Other changes, such as making it less easy to qualify for the second part of the ballot (which would reduce the number of candidates and potentially increase ultimate support for the winning candidate) do not even require a constitutional amendment but could be brought about through statute or even executive action by the State Secretary of State.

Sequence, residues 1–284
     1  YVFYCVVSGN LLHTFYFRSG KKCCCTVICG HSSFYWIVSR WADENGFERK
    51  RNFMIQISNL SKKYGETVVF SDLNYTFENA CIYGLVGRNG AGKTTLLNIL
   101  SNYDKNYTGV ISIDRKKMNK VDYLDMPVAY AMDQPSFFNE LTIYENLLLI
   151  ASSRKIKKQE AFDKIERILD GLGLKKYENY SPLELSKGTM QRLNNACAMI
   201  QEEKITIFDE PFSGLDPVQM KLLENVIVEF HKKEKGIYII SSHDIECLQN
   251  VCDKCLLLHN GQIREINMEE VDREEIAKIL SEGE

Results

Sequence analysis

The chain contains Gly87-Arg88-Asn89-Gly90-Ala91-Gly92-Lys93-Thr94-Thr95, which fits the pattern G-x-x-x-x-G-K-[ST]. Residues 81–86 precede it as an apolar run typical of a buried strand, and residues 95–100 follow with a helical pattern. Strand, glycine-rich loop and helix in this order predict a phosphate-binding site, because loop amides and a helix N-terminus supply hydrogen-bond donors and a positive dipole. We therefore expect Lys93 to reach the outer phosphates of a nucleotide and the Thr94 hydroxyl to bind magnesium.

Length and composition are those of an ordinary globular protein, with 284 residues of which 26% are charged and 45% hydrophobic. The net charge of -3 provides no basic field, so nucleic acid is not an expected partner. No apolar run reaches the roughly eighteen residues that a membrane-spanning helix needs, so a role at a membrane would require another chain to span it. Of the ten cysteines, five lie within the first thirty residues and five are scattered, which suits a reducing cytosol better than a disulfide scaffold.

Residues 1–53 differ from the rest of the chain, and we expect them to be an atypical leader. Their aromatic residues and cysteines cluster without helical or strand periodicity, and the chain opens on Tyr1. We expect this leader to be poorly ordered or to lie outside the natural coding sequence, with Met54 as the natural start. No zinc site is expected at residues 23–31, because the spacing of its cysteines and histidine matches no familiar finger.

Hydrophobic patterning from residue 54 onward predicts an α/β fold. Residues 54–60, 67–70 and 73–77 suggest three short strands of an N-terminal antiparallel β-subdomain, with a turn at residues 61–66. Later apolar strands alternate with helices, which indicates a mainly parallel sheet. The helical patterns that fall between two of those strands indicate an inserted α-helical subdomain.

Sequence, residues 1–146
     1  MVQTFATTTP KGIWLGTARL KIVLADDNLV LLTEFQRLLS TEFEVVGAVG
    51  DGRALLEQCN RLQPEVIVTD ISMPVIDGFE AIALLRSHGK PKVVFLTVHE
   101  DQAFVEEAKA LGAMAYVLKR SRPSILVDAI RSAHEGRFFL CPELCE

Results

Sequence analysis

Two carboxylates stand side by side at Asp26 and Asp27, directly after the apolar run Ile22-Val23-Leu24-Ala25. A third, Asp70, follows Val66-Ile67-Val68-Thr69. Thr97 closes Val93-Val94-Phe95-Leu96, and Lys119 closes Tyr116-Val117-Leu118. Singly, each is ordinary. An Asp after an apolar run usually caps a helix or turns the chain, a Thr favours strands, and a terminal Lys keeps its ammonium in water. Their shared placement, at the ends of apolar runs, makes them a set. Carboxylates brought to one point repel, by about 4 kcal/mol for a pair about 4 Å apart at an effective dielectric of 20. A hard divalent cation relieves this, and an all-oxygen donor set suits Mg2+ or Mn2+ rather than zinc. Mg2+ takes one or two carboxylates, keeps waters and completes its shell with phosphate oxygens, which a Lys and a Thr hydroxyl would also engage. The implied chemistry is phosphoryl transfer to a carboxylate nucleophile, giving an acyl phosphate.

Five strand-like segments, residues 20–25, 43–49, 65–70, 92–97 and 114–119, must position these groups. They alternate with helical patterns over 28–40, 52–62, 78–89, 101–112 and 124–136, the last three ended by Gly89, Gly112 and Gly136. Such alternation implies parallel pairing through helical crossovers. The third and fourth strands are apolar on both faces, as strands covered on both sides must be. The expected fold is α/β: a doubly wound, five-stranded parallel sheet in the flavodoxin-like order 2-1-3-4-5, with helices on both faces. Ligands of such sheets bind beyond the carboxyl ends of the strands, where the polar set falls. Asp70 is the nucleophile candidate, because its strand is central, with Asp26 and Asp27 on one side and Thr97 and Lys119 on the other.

Any of these changes might smartly include a deferred implementation date, so as to deflect any concerns that they might be motivated by partisanship, even though these reform possibilities would not seem on their face to be partisan. Relatedly, even though the specifics of a reform package need to be worked out, legislative leaders in California should proclaim publicly on Monday of next week, before anyone knows the fate of Gavin Newsom or his would-be successors, that a significant set of reforms will be forthcoming, so as to minimize the perception that reformers want to make changes only if their candidate loses under the current rules.